Key takeaways from the FCA’s recently introduced Consumer Duty
At the end of August, one month on from the introduction of the FCA’s Consumer Duty for current credit products and services, Thistle highlighted some of the key points for credit firms to consider.
Where are firms up to?
In our conversations with credit clients, we have seen that:
- Most firms we work with have partially or fully embedded the Consumer Duty, including the necessary policies, procedures, governance and training.
- Most firms we support have been able to implement the Consumer Duty successfully and are now processing and reviewing the sets of Management Information (MI) selected to monitor firms’ performance against the new Customer Outcomes. It was encouraging to see relevant MI being produced, but we would remind firms that the value of MI and data is only as good as the decisions and actions taken based on it.
- We have noticed that some firms are struggling with the scale of change required to their business processes, oversight, and monitoring frameworks.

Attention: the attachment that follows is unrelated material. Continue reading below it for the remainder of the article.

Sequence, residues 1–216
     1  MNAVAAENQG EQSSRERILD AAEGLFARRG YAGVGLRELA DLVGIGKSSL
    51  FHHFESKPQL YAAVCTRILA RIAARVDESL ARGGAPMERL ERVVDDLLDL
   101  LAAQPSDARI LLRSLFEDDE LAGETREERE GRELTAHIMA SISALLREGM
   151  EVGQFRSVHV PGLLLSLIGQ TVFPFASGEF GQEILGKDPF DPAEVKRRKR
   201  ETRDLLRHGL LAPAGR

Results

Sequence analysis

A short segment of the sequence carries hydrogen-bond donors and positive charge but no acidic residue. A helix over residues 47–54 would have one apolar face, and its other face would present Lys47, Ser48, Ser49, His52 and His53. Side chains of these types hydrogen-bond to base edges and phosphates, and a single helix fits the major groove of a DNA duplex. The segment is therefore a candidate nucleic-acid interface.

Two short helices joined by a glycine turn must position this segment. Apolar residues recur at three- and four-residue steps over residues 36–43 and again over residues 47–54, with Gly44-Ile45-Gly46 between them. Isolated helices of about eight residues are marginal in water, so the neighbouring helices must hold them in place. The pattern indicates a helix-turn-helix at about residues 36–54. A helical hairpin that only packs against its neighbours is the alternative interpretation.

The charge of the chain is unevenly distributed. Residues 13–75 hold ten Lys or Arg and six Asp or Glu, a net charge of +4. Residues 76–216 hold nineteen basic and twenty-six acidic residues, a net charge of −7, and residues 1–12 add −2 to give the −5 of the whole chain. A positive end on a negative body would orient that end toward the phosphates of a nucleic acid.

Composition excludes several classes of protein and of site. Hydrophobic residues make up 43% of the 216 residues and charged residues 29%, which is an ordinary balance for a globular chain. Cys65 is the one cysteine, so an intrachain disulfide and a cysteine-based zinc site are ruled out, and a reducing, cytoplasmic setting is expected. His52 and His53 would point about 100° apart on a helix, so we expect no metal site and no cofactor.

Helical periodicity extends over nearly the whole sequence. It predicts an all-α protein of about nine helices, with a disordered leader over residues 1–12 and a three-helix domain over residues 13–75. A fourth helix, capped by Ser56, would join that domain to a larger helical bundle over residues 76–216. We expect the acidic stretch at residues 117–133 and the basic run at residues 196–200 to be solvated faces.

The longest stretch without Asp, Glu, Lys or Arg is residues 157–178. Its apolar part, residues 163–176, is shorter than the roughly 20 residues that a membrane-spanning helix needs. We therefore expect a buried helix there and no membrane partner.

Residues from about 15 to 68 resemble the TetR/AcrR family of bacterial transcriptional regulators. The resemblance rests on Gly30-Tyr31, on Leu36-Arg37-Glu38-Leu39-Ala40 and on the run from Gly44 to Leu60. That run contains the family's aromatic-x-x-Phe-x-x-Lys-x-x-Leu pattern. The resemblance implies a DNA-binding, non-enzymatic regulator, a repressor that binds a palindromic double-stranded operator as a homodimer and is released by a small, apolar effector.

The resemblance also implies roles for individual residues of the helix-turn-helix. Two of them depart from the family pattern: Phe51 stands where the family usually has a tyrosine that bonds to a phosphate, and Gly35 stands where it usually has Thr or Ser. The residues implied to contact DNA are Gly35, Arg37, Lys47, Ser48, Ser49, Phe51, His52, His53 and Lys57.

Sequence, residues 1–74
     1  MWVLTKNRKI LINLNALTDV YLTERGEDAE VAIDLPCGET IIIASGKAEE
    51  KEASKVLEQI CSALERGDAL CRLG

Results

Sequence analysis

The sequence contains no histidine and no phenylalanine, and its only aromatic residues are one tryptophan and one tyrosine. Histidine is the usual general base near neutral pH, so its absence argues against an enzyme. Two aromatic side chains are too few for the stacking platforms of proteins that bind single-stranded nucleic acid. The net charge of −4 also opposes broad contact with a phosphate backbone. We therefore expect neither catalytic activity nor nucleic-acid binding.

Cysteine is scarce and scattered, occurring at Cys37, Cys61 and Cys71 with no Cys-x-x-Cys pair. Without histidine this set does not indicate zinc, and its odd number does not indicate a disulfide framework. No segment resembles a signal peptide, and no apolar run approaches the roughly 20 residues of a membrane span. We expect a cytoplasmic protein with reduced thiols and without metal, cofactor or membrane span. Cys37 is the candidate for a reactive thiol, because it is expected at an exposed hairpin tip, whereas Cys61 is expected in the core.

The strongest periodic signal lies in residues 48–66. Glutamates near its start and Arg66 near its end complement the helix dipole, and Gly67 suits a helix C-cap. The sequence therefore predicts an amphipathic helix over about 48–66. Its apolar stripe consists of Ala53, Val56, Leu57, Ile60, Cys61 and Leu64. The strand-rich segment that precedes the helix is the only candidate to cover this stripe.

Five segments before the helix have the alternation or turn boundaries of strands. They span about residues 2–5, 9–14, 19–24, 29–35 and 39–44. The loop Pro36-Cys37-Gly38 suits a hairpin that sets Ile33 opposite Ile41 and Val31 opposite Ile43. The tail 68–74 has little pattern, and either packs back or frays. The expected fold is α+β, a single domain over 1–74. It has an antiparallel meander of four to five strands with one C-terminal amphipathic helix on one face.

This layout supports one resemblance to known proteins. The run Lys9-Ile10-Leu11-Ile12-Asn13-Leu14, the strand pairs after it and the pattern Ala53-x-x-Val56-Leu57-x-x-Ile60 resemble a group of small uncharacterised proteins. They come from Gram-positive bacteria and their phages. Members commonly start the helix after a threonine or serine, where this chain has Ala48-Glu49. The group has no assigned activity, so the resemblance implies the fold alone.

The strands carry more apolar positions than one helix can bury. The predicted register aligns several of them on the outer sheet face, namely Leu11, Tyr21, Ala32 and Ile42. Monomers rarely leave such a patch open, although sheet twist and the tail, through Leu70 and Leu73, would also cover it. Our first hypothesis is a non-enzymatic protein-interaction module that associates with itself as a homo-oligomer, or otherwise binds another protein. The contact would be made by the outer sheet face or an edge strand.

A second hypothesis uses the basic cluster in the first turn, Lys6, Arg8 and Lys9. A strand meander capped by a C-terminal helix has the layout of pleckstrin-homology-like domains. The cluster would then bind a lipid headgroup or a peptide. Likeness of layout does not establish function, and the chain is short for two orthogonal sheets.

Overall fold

- Some remain confused over the extent to which they need to apply the Consumer Duty where they are not directly involved with retail clients, and find the application of the fair value outcome most challenging.
- Some still have some work to do to embed the duty into BAU.
What the FCA expects
Now that the Consumer Duty is in place, the FCA will be gathering information to support its assessment of the extent of credit firms’ compliance with Principle 12, the cross-cutting rules and the achievement of the four outcomes for retail clients.
It’s not too late for firms to consider and work on their Consumer Duty arrangements, and indeed they may wish to consider carrying out post-implementation reviews to secure the continual improvement that the FCA has said it will be looking for.